PLAYBILL.COM'S BRIEF ENCOUNTER With Laurie Metcalf, Getting Domesticated at Lincoln Center Theater

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10 Dec 2013

Laurie Metcalf
Laurie Metcalf

Playbill.com chats with two-time Tony nominee Laurie Metcalf, who is currently starring in Lincoln Center Theater's production of Bruce NorrisDomesticated.

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Playing Judy, a picture-perfect politician's wife in Bruce Norris' Domesticated, Laurie Metcalf is not at a loss for words. For the majority of the first act, following a confession of infidelity from her husband, her character is constantly talking — about her anger, her sadness and her disappointment. 

Metcalf, a two-time Tony nominee who has starred on Broadway in November, Brighton Beach Memoirs and The Other Place, has also garnered three Emmy Awards for her role in "Roseanne" and appeared in numerous films, including "Desperately Seeking Susan," "Toy Story" and "Scream 2."

The award-winning actress spoke with Playbill.com about taking on a timely, political role and her onstage marriage with Jeff Goldblum.

What made you decide to play Judy in Domesticated?

Laurie Metcalf: I'm a huge Bruce Norris fan, so that part was really easy. And, I've worked with Bruce and [director] Anna [Shapiro] before, about a decade ago, on a play called Purple Heart. And, I love being in New York.

The play is so timely.

LM: I love that it's thought-provoking. I love the character because it's so juicy, and I love the humor in it. I was just kind of fascinated by the play itself.

I kept wondering what you were thinking in the first scene, when your character's husband gives his press conference announcing his resignation, and you stand next to him without speaking.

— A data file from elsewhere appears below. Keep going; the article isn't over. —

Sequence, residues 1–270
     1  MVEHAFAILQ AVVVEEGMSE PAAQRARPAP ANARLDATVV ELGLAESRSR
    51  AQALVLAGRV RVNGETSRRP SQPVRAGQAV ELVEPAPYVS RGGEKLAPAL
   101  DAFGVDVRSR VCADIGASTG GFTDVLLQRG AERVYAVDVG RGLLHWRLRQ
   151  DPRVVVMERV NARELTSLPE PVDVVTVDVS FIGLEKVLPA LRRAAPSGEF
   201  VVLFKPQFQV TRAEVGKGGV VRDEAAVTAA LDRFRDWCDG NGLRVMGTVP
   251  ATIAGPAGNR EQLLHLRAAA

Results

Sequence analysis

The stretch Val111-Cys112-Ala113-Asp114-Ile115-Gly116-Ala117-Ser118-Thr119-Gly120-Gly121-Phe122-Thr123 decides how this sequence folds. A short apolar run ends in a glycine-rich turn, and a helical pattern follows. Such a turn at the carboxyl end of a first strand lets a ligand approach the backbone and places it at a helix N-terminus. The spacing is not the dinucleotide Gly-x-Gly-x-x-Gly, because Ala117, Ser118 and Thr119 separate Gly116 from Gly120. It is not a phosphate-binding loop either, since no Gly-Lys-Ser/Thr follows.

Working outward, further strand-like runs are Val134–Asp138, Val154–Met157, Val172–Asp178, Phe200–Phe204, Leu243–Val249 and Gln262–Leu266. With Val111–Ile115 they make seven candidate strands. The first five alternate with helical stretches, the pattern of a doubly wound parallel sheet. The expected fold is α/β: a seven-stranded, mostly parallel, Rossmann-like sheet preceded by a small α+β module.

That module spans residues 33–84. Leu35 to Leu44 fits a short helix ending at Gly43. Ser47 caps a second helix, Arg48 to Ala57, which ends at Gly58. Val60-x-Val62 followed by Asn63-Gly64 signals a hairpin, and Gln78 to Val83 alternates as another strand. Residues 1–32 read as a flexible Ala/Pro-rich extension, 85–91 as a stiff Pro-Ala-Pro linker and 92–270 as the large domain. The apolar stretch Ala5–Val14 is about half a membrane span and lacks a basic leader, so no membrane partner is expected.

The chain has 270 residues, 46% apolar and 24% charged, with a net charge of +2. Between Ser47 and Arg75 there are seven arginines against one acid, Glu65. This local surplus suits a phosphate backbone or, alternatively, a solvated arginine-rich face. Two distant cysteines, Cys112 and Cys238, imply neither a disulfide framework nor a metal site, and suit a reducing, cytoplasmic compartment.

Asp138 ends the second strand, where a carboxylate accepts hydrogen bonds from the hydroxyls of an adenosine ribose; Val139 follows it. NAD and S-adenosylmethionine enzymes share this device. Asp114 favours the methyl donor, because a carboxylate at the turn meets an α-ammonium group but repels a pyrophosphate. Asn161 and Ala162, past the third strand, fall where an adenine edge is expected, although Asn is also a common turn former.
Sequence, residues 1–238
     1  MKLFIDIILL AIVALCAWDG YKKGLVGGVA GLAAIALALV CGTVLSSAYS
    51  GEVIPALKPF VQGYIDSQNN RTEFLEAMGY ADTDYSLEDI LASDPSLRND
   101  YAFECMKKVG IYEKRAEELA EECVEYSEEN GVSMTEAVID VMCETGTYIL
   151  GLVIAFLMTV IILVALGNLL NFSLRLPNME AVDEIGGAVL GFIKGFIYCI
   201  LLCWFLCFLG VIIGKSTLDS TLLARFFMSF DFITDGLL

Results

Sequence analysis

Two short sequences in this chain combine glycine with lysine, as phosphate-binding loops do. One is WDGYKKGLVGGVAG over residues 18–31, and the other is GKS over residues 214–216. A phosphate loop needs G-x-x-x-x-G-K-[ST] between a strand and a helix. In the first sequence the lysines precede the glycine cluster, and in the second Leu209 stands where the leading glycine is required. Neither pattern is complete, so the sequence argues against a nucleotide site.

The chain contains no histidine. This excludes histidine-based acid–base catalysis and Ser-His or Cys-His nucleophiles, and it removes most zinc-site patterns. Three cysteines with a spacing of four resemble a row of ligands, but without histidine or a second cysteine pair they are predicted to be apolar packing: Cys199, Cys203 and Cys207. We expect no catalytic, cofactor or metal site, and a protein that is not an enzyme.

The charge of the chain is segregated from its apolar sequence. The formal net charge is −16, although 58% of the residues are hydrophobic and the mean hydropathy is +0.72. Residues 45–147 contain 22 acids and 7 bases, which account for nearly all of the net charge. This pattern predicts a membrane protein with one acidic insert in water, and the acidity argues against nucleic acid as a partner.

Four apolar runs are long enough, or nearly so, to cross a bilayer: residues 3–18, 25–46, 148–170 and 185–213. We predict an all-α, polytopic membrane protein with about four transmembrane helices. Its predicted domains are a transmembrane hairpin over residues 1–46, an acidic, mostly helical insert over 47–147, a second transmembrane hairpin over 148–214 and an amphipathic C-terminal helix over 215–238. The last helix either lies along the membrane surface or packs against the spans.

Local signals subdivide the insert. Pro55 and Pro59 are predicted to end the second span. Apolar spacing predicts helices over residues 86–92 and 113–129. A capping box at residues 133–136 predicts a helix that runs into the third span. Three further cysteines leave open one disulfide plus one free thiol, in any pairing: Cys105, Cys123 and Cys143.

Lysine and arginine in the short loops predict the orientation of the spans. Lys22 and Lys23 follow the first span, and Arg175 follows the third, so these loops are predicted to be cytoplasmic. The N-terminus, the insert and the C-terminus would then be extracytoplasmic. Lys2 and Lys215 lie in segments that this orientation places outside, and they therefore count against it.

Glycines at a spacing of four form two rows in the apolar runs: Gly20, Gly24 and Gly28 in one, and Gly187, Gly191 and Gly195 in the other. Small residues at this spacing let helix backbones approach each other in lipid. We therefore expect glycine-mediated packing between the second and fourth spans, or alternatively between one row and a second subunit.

LM: All of us have wondered what is going on in the mind of the person standing at that podium. I played around in rehearsals with how much to show, what the character is going through — if she's devastated, if she's livid, if she's embarassed. All those things are valid. What it came down to, interestingly for me, is just, sort of, be inscrutable. I think that the audience fills in whatever they want to see on my face.

I'm purposefully not trying to tilt my character in any way with that scene at the podium, and I still have audience members come up to me and say, "She was so (fill in the blank) at the beginning." I'm trying not to have selected one of my voices at the very top, but people seem to do it for me. They read what they want to read onto the character.

How did you create your onstage relationship with Jeff?

LM: We had worked together one other time. He had a television show called "Raines," and I played a guest spot on it. I remember, when we were sitting, waiting for lighting set-ups, it came up how we would like to do a play together, and years later, here we are. It's serendipitous and so fortunate.

First of all, I'm crazy about him. He's a terrific guy. He's a wonderful onstage partner because he's so pleasant every moment of the show. He's so good with the language, which is crucial for a Bruce Norris play/character. And, that comes so easily to him. I enjoyed the whole rehearsal process with him because he has a really strong work ethic, and I like that. I like to work in the rehearsal room, and so does he. I think our sensibilities just matched on how to approach a play.



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